I often write out my thoughts before I teach on a passage. The greater context is 1 Peter 1:17-21, but here I’ve written my thoughts on verse 20, which says “He was foreknown before the foundations of the world.”
He refers to Christ, the unblemished Lamb of God. Even before he condescended into human history in the form of an infant, Christ had a plan to die a bloody death.
There are two books in the Bible that start with the words “In the beginning.” Genesis and John—and they are both speaking of the foundations of the world. Genesis starts, “In the beginning God created the heavens and the earth.” And John starts, “In the beginning was the Word, and the Word was with God, and the Word was God.”
I want to take these two passages and look at them together. They are both talking about the same time period (the beginning), and they both have different perspectives. Obviously Moses is writing before the incarnation and John is writing after.
John says, “In the beginning was the Word.” In the Genesis account, after the first verse that gives the summary description of the creation event, Moses gets into more details as to how God created the universe. We read that the earth was “formless and void, and darkness was upon the face of the deep.” The picture is ominous—formless, void, darkness—all words they bring negative feelings. And then, to change all that, God speaks. A command proceeds from the mouth of God. Words go flying through the void. And the power of those words causes a universe.
The first words were like this: “Let there be light.” And there was light. God’s creative act was one that involved speaking words—and his word caused the universe to exist.
Now back to John. John says, “In the beginning was the Word.” I take that to mean the word of command, the creative act of God. The “Let there be” is the Word of God. The Word that is bringing things into existence throughout Genesis 1 is the same Word spoken of in John 1. And as John says, it is both with God and it is God. Then, as John describes, that same creating Word, in verse 14, becomes flesh and dwells among us. In short, the Word that created the universe is none other than Jesus Christ himself. Hebrews 1:2 makes it perfectly clear, “he appointed [his Son] the heir of all things, through whom also he created the world” and verse 3, “He upholds the universe by the word of his power.” Jesus does that.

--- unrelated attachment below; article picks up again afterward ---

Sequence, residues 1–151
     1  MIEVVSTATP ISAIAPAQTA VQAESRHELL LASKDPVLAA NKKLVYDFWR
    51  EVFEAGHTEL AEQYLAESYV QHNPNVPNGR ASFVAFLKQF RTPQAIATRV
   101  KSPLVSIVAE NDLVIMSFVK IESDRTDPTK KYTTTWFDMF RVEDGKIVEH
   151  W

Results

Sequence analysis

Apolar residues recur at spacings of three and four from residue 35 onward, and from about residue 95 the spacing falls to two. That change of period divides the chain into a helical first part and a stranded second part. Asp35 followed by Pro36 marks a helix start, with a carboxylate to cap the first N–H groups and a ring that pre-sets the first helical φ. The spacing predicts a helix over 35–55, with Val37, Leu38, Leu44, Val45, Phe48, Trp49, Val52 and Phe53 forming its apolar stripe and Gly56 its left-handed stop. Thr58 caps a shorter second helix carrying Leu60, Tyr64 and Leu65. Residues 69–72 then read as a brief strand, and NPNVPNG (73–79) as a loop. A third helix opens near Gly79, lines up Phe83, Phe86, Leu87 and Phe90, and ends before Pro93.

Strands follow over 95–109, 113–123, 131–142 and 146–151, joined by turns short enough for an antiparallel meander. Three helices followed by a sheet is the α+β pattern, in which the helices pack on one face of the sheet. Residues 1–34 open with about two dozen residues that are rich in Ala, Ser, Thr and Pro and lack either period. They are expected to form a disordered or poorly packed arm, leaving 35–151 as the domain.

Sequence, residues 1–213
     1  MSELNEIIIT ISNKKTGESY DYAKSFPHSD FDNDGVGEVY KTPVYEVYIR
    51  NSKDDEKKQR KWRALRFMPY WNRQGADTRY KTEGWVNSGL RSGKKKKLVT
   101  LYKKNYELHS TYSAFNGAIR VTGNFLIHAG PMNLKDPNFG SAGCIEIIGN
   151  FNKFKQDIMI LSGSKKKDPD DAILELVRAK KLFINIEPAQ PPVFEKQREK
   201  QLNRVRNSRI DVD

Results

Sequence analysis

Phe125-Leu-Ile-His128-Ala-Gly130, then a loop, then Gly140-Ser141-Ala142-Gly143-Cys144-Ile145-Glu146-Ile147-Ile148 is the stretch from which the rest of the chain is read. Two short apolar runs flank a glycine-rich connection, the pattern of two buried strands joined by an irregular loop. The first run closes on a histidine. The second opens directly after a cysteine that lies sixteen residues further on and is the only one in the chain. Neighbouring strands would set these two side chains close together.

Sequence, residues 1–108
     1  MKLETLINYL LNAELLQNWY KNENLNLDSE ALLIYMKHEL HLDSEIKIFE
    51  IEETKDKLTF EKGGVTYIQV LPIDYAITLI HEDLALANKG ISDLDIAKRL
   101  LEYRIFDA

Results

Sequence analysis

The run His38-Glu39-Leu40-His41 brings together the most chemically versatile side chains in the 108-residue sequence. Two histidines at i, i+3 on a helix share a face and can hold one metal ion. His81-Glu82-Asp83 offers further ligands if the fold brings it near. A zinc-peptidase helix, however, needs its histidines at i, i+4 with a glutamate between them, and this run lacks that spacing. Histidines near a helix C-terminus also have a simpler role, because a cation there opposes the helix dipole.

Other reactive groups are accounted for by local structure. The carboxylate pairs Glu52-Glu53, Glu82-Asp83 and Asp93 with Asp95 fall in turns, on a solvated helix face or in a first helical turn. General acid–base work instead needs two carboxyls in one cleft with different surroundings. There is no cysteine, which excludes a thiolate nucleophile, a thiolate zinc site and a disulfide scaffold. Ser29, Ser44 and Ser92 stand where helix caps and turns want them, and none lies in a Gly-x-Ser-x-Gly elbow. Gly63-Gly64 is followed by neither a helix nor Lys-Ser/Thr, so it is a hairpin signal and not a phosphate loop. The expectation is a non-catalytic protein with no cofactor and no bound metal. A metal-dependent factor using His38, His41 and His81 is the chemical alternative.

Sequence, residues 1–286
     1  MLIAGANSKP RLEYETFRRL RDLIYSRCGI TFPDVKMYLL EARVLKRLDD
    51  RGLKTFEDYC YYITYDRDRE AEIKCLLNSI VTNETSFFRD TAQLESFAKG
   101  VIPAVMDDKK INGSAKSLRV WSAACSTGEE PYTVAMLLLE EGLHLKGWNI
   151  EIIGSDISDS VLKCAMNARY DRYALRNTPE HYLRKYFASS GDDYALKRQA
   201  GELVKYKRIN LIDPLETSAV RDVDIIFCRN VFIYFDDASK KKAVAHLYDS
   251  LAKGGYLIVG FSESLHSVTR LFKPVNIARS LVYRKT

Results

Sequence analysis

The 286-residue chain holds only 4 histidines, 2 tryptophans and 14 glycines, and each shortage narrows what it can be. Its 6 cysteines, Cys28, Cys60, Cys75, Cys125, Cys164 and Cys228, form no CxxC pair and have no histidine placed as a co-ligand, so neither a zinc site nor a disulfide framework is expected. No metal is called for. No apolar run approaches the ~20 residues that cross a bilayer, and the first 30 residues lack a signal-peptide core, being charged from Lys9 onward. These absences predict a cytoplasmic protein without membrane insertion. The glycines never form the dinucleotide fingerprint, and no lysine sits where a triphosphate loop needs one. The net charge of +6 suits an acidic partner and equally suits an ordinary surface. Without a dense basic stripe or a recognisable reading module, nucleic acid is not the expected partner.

Peter is telling his audience that the plan of Christ was foreknown before the foundations of the world. Before mankind existed it was determined that Christ would be the Savior of mankind. Before Adam and Even were labeled sinner, it was ordained that Christ be sent to earth to die for sinners. Before there was ever such a thing as murder, Christ determined to be murdered.
When Christ scooped down into the dust and formed a lifeless man, he looked ahead to the day when he would clothe himself in flesh, walk among men, and be betrayed and denied by them. When God created a beautiful garden he knew that it would be a garden where he would sweat drops of blood in anticipation of his coming crucifixion. As Christ formed hills he knew he would ascend one with a cross on his scourged back. Christ created trees knowing that he would be nailed to one. As Christ created the elements of iron and steel, he knew that spikes would be driven through his weary hands. When the words came forth “Let there be light,” Christ knew that darkness would envelop him in death.
When the angry mob surrounded the tired, trembling Jesus in the Garden of Gethsemane, they did not know that they were arresting the Creator of the universe.
It’s no wonder that they fell back when Jesus said, “I am he.”